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Huge new U.S. embassy ready in Bangkok

By JOHN HAIL

BANGKOK, March 28 -- After more than three years of construction at a cost of $70 million, U.S. diplomats in Bangkok said Thursday they are moving into the new American Embassy -- directly across the street from the old one. But critics of the new building's security-intensive architectural style have described it as a 'bunker' and an 'upside-down aircraft carrier.' U.S. officials said it was a 'model project' that only looks like a windowless prison from the side facing Wireless Road, Bangkok's Embassy Row. 'We're proud of the fact that it's been built two months ahead of schedule, and on budget,' said Robert Hafstad, project director. Hafstad said he was also proud that planners had been able to preserve about 50 of the stately rain trees that made the property an oasis of green amid Bangkok's urban sprawl. The main U.S. contractor for the project, Fischbeck and Moore International, and the main Thai sub-contractor, the Italian-Thai Development Co., completed construction on the embassy in October. Another five months of follow-up work was needed to install new fittings and furniture, which were included in the $70 million construction cost. Embassy officials said they began this week a phased move into their new offices, which include 150,000 square feet of space. They said the Bangkok embassy is the second biggest American mission in the world -- after Cairo -- employing 560 Americans and 1,200 Thais. They said the decision to move across the street to another U.S.- owned property was made during the aftermath of the 1983 Beirut truck bombing, when security was an overriding concern.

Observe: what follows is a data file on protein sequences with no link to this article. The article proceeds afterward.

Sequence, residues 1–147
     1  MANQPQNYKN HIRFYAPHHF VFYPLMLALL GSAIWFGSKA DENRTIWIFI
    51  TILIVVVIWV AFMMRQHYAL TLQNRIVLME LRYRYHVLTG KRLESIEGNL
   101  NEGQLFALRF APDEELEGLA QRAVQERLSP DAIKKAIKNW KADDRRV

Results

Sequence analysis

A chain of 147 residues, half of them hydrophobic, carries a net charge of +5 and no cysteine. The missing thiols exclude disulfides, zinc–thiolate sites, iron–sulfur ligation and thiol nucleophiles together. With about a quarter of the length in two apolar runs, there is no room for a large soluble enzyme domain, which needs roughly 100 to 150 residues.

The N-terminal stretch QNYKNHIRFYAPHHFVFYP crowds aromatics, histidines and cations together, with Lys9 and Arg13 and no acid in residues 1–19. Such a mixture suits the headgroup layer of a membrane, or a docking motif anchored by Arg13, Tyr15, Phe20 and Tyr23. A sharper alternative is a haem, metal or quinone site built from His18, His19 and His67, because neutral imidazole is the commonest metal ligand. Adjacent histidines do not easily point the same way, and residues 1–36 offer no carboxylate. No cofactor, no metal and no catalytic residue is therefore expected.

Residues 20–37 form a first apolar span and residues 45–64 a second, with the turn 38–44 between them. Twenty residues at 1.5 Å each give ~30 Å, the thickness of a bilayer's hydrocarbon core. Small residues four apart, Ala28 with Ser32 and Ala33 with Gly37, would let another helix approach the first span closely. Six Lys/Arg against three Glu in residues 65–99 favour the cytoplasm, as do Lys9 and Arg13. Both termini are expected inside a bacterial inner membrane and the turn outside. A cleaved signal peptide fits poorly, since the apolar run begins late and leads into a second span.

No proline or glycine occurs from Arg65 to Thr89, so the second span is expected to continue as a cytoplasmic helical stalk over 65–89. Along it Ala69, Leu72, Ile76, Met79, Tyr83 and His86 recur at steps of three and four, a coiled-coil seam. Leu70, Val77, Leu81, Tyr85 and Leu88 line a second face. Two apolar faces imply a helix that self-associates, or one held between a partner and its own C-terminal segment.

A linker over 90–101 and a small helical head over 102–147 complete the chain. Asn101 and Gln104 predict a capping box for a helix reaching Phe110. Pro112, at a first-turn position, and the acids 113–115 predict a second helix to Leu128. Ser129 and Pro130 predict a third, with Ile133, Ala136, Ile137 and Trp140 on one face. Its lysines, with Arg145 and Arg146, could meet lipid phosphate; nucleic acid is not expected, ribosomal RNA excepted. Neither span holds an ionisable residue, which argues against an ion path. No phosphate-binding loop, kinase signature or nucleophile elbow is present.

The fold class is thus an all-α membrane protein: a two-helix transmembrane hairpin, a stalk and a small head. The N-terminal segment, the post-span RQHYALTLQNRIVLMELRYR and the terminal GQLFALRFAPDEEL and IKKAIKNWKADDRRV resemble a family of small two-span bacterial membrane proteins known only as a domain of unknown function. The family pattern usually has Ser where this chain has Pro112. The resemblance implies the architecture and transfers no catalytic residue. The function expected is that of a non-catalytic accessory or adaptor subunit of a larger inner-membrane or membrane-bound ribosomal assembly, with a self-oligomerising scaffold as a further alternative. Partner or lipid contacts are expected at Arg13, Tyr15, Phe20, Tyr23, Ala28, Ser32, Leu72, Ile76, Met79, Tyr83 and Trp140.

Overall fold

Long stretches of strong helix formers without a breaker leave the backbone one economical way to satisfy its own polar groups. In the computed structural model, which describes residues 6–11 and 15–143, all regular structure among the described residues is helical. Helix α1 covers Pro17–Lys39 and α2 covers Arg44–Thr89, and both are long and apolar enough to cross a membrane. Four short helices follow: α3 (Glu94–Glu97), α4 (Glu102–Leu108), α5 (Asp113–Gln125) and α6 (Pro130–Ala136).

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As a result, the new, five-story Bangkok embassy has a forbidding appearance from the street, with narrow turrets instead of windows and a double wall ensuring no vehicle will get within blasting distance. It was designed by Kallman McKinndel Architects, which also designed the U.S. Embassy in Dacca, Bangladesh. The move across the street is part of a major consolidation of American properties in Bangkok that calls for vacating the sprawling American ambassador's residence, also on Wireless Road, and the similarly spacious U.S. Information Service compound on nearby Sathorn Road. Under the consolidation plan, American agencies will move into the old embassy compound after a two-year, $15 million refurbishing job. The elegant, tree-shaded ambassador's residence, which served as a billet for Japanese occupation troops during World War II, is currently occupied by the newly arrived American ambassador, William Itoh. The residence has been leased by the Americans from Thailand's Crown Property Bureau since 1947. A similar 10-acre plot of land directly across the street from the residence was sold for about $90 million and is being developed into a $560 million, Chinese-financed condominium-hotel project known as All Seasons Place. Embassy officials said the Crown Property Bureau's notification that it wanted to take back the ambassador's residence was a major factor in the U.S. property shake-up. They said Thai officials had expressed interest in preserving the residence's lush greenery and rain trees by converting the property into a government guest house. American officials estimate the old U.S. Embassy compound, purchased in 1948 for $145,000, would fetch at least $90 million at prevailingBangkok property prices.

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